Marx-Engels Correspondence 1870
Published: Gesamtausgabe, International Publishers, 1942;
Transcribed: Sally Ryan;
HTML Markup: Sally Ryan.
I have read the first 150 pages of Flerovsky's book[a] (they are taken up by Siberia, North Russia and Astrakhan). This is the first work to tell the truth about Russian economic conditions. The man is a determined enemy of what he calls "Russian optimism." I never held very rosy views of this communistic Eldorado, but Flerovsky surpasses all expectations. In fact it is wonderful and undoubtedly a sign of change that such a thing could be printed in Petersburg at all.
"Our proletariat is small in number but the mass of our working class consists entirely of workers whose lot is worse than the lot of all other proletarians."[b]
The method of presentation is quite original, at times it reminds one most of Monteil[b]. One can see that the man has travelled around everywhere and seen everything for himself. A glowing hatred of landlords, capitalists and officials. No socialist doctrine, no mysticism about the land (although in favour of the communal form of ownership), no nihilistic extravagance. Here and there a certain amount or well-meaning twaddle, which, however, is suited to the stage of development reached by the people for whom the book is intended. In any case this is the most important book which has appeared since your Condition of the Working Class. The family life of the Russian peasants--the awful beating to death of wives, the vodka and the concubines--is also well described. It will therefore come quite opportunely if you would now send me the imaginative lies of Citizen Herzen.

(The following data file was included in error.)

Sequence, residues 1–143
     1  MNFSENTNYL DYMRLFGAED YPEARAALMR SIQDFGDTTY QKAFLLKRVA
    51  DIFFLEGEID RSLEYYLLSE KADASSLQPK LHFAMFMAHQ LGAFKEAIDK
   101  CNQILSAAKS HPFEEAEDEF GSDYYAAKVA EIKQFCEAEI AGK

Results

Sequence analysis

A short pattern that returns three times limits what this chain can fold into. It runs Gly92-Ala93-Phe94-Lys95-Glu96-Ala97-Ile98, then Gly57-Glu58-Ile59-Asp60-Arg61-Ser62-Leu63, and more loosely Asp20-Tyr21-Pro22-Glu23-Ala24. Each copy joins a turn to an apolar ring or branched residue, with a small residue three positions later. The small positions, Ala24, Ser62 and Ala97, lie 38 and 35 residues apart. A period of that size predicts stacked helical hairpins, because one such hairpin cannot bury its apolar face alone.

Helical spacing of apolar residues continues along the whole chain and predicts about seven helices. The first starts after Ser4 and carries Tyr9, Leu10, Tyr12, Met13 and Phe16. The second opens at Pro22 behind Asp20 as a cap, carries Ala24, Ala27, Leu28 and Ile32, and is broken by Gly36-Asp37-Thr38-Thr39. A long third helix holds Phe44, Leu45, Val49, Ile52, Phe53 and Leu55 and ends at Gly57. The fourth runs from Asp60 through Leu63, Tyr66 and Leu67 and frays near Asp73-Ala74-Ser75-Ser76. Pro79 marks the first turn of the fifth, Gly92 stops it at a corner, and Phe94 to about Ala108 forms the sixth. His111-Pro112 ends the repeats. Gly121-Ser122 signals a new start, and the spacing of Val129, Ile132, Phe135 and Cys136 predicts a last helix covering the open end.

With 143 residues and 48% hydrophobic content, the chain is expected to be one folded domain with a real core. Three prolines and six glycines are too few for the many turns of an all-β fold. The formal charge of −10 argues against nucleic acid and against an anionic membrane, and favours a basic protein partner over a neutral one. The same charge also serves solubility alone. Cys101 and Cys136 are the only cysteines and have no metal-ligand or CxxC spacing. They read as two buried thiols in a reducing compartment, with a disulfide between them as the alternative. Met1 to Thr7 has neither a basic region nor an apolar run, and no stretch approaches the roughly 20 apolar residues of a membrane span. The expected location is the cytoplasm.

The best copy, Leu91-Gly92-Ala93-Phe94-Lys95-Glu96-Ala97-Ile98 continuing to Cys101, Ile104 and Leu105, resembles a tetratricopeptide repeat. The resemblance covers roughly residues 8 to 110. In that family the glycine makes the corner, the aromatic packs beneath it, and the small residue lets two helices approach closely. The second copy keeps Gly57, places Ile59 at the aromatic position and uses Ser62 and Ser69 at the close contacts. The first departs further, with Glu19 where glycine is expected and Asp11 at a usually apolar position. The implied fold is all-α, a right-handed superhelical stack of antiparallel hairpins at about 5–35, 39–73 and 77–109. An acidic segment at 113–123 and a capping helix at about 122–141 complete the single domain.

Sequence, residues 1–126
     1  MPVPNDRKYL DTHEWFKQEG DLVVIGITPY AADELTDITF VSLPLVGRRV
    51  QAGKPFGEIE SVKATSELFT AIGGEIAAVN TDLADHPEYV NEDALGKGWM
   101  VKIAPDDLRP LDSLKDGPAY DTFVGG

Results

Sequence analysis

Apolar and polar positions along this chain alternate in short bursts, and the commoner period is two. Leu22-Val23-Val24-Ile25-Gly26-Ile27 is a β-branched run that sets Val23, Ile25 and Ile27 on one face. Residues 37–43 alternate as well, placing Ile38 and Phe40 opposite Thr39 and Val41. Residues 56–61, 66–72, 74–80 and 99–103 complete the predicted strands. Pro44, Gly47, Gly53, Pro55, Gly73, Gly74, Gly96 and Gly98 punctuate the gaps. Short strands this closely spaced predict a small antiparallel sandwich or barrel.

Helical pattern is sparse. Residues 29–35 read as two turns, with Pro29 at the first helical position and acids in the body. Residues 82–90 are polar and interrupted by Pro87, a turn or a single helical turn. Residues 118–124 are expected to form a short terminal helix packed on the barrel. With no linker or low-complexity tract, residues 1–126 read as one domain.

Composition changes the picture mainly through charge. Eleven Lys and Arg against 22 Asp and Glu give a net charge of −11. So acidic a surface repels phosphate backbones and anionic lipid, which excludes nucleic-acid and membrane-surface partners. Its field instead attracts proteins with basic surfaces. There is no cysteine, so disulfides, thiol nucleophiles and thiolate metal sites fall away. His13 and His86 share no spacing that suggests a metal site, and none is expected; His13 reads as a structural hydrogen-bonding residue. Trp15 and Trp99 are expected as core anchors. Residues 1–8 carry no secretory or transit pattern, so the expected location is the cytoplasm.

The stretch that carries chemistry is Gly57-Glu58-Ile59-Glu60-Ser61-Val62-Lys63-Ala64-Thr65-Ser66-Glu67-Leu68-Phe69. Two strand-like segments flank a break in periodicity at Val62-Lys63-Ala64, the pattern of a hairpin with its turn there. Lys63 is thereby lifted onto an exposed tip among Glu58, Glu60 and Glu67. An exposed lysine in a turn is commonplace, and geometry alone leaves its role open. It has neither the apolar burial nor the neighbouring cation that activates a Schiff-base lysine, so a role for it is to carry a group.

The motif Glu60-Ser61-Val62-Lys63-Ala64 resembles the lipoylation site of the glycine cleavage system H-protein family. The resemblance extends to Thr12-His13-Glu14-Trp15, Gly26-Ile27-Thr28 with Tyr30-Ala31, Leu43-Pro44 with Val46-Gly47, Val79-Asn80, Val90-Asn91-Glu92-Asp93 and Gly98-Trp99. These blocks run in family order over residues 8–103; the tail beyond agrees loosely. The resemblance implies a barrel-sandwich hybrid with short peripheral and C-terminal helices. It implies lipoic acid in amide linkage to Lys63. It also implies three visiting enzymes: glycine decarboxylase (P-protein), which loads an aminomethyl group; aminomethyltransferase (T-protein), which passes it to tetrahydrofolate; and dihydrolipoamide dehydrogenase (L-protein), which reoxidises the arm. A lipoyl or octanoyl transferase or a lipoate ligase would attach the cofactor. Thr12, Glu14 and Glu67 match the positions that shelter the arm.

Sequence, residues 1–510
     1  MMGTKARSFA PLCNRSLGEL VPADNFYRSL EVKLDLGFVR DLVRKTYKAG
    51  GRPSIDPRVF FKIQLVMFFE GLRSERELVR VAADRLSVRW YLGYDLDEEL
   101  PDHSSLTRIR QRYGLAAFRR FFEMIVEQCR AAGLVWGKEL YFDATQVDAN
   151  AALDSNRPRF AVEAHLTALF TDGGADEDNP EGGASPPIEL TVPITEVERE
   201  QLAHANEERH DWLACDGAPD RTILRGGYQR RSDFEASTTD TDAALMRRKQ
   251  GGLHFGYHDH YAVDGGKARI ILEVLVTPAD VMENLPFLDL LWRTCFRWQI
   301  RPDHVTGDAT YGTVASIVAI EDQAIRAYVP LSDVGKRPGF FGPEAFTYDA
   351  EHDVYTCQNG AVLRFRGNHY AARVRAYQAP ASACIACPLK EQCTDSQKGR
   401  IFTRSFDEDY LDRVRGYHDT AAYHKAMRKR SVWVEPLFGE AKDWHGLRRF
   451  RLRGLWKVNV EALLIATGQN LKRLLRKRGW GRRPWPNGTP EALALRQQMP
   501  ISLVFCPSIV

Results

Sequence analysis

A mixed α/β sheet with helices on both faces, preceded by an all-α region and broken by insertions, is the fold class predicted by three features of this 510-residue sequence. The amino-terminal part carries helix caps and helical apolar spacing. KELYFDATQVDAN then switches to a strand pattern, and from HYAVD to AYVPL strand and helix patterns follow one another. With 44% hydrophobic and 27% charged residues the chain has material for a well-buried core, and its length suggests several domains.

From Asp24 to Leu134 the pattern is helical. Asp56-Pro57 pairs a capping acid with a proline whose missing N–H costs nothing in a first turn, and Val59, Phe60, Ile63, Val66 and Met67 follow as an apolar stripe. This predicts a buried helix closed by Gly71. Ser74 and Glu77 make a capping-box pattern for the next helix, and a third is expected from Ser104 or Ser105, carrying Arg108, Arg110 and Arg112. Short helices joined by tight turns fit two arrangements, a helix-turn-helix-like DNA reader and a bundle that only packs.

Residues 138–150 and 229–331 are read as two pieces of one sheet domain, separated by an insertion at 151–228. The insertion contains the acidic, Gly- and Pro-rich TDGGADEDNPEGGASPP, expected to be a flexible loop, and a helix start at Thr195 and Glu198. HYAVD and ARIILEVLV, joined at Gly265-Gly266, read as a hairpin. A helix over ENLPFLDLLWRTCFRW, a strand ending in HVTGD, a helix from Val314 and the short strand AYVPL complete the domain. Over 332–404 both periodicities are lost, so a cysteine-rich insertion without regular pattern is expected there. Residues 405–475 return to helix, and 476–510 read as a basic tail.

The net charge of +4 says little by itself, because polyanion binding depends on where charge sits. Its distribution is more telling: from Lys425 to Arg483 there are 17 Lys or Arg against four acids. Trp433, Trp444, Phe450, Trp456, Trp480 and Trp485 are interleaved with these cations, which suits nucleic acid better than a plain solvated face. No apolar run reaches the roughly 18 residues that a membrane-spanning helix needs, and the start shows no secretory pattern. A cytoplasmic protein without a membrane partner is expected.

a N. Flerovsky, The Condition of the Working Class in Russia.—Ed.
b In the letter the quotation is given in Russian.—Ed.
c Monteil, Amans Alexis (1769-1850) French historian who defended the ideas of the great French Revolution. His chief work was his Histoire des Francais des divers Etats. [History of the French in their Different Orders.)—Ed.